|1.||Canon 50D||..||+ +||+ +||4.5/5||4.5/5||Aug 2008||1,299|
|2.||Panasonic ZS80||..||+ +||..||4.5/5||..||Feb 2019||449|
|3.||Canon SX740||..||+||..||4/5||4/5||Jul 2018||399|
|4.||Canon SX730||..||+||..||4/5||4/5||Apr 2017||399|
|5.||Canon 80D||4/5||+ +||84/100||4.5/5||4.5/5||Feb 2016||1,199|
|6.||Canon 7D II||4.5/5||+||84/100||4/5||4.5/5||Sep 2014||1,799|
|7.||Canon 70D||5/5||+ +||83/100||4.5/5||5/5||Jul 2013||1,199|
|8.||Canon 60D||5/5||+||79/100||4/5||4.5/5||Aug 2010||1,399|
|9.||Canon 1D Mark IV||5/5||..||89/100||..||..||Oct 2009||4,999|
|10.||Canon 7D||5/5||+ +||84/100||4.5/5||4.5/5||Sep 2009||1,699|
|11.||Canon 500D||..||+ +||74/100||4.5/5||4.5/5||Mar 2009||799|
|12.||Canon 40D||..||+ +||+ +||4.5/5||4.5/5||Aug 2007||1,299|
|13.||Canon 30D||..||+ +||+ +||o||..||Feb 2006||1,399|
|14.||Canon 5D||..||88/100||+ +||o||..||Aug 2005||3,299|
|15.||Fujifilm XF10||..||..||75/100||4/5||4.5/5||Jul 2018||499|
|16.||Panasonic TS7||..||+||..||..||3.5/5||May 2018||449|
|17.||Panasonic ZS70||..||+ +||..||4/5||4/5||Apr 2017||449|
|Notes: (+ +) highly recommended; (+) recommended; (o) reviewed; (..) not available.|
Care should be taken when interpreting the review scores above, though. The ratings were established in reference to similarly priced cameras that were available in the market at the time of the review. Hence, a score should always be seen in the context of the camera's market launch date and its price, and comparing ratings of very distinct cameras or ones that are far apart in terms of their release date have little meaning. It should also be noted that some of the review sites have over time altered the way they render their verdicts.
Other camera comparisons
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Specifications: Canon 50D vs Panasonic ZS80
Below is a side-by-side comparison of the specs of the two cameras to facilitate a quick review of their differences and common features.
|Camera Model||Canon 50D||Panasonic ZS80|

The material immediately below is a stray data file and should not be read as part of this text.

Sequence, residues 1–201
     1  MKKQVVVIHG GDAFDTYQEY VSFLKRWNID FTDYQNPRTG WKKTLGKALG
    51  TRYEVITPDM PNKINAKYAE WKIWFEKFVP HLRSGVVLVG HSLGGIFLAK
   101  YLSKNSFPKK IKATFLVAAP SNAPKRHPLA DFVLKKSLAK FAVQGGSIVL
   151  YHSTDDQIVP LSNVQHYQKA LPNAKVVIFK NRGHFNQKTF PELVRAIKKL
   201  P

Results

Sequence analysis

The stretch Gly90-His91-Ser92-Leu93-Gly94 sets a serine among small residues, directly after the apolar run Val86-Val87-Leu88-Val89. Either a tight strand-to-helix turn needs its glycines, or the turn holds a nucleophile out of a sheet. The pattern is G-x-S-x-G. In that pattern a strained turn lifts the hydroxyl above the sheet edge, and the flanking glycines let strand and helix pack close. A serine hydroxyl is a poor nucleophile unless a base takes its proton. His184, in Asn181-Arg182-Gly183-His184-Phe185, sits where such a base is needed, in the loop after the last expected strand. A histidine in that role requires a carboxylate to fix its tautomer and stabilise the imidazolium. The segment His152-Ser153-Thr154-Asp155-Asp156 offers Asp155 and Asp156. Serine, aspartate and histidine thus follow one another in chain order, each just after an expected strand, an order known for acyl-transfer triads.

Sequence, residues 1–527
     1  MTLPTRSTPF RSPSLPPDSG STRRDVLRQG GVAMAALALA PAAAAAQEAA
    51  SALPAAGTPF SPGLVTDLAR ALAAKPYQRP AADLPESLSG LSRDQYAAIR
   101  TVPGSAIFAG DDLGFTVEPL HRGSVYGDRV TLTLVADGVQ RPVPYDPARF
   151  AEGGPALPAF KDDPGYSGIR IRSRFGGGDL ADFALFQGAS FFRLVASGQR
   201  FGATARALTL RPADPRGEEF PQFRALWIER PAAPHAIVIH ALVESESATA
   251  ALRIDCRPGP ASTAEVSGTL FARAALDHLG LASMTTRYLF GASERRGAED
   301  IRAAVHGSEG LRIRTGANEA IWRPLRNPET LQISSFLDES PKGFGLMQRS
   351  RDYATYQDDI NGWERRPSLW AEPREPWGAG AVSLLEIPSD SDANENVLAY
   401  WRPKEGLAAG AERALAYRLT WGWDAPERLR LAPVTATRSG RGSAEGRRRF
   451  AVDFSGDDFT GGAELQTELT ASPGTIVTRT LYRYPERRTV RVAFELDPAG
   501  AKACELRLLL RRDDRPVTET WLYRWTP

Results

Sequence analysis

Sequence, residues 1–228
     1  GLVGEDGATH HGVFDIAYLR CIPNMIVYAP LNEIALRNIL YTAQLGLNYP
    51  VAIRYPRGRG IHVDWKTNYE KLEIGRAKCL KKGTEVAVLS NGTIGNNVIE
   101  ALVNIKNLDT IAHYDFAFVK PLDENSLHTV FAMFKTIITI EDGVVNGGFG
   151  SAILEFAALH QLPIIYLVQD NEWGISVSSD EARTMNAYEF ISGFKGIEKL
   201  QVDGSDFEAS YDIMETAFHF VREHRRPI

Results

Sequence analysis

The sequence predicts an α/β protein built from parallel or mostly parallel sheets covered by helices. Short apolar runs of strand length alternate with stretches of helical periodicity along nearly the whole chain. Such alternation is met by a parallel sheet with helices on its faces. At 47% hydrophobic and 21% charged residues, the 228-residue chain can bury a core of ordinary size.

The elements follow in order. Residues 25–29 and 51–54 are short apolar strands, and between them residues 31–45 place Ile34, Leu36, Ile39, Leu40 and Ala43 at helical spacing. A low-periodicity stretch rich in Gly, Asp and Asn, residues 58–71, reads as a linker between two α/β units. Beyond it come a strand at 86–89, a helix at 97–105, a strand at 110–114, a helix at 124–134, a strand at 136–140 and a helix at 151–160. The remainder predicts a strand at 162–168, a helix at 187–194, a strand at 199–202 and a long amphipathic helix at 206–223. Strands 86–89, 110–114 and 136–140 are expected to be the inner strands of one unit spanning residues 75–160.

|Camera Type||Digital single lens reflex||Fixed lens compact camera|
|Camera Lens||Canon EF mount lenses||24-720mm f/3.3-6.4|
|Launch Date||August 2008||February 2019|
|Launch Price||USD 1,299||USD 449|
|Sensor Specs||Canon 50D||Panasonic ZS80|
|Sensor Format||APS-C Sensor||1/2.3" Sensor|
|Sensor Size||22.3 x 14.9 mm||6.17 x 4.55 mm|
|Sensor Area||332.27 mm2||28.0735 mm2|
|Sensor Diagonal||26.8 mm||7.7 mm|
|Sensor Resolution||15.1 Megapixels||20.2 Megapixels|
|Image Resolution||4752 x 3168 pixels||5184 x 3888 pixels|
|Pixel Pitch||4.69 μm||1.18 μm|
|Pixel Density||4.53 MP/cm2||71.80 MP/cm2|
|Moiré control||Anti-Alias filter||no AA filter|
|Movie Capability||no Video||4K/30p Video|
|ISO Setting||100 - 3,200 ISO||80 - 3,200 ISO|
|ISO Boost||100 - 12,800 ISO||80 - 6,400 ISO|
|Image Processor||DIGIC 4||Venus|
|DXO Sensor Quality (score)||63||..|
|DXO Color Depth (bits)||21.8||..|
|DXO Dynamic Range (EV)||11.4||..|
|DXO Low Light (ISO)||696||..|
|Screen Specs||Canon 50D||Panasonic ZS80|
|Viewfinder Type||Optical viewfinder||Electronic viewfinder|
|Viewfinder Field of View||95%||100%|
|Viewfinder Resolution||2330k dots|
|Top-Level Screen||Control Panel||no Top Display|
|LCD Framing||Live View||Live View|
|Rear LCD Size||3.0inch||3.0inch|
|LCD Resolution||920k dots||1040k dots|
|LCD Attachment||Fixed screen||Tilting screen|
|Touch Input||no Touchscreen||Touchscreen|
|Shooting Specs||Canon 50D||Panasonic ZS80|
|Focus System||Phase-detect AF||Contrast-detect AF|
|Manual Focusing Aid||no Peaking Feature||Focus Peaking|
|Max Shutter Speed (mechanical)||1/8000s||1/2000s|
|Continuous Shooting||6.3 shutter flaps/s||10 shutter flaps/s|
|Electronic Shutter||no E-Shutter||up to 1/16000s|
|Fill Flash||Build-in Flash||Build-in Flash|
|Storage Medium||CF cards||SDXC cards|
|Second Storage Option||Single card slot||Single card slot|
|Connectivity Specs||Canon 50D||Panasonic ZS80|
|External Flash||Hotshoe||no Hotshoe|
|Studio Flash||PC Sync socket||no PC Sync|
|USB Connector||USB 2.0||USB 2.0|
|HDMI Port||mini HDMI||micro HDMI|
|Wifi Support||no Wifi||Wifi built-in|
|Bluetooth Support||no Bluetooth||Bluetooth built-in|
|Body Specs||Canon 50D||Panasonic ZS80|
|Environmental Sealing||Weathersealed body||not weather sealed|
|Battery Life (CIPA)||800 shots per charge||380 shots per charge|
|In-Camera Charging||no USB charging||USB charging|
146 x 108 x 74 mm
(5.7 x 4.3 x 2.9 in)
112 x 69 x 42 mm
(4.4 x 2.7 x 1.7 in)
|Camera Weight||822 g (29.0 oz)||327 g (11.5 oz)|